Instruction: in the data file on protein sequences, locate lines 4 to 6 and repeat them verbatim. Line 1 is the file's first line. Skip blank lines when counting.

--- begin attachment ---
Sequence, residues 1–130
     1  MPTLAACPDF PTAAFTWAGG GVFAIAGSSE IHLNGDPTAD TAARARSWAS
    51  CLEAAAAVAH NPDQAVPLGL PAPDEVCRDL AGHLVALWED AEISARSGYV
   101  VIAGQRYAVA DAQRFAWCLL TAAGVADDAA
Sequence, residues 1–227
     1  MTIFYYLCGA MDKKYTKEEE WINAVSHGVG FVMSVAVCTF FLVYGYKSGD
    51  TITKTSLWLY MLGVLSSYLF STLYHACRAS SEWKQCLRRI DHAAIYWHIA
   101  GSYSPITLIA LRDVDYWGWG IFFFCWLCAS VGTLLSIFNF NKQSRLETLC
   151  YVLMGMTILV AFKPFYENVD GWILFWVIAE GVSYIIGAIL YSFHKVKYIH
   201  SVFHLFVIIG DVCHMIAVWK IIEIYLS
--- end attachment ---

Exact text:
   101  VIAGQRYAVA DAQRFAWCLL TAAGVADDAA
Sequence, residues 1–227
     1  MTIFYYLCGA MDKKYTKEEE WINAVSHGVG FVMSVAVCTF FLVYGYKSGD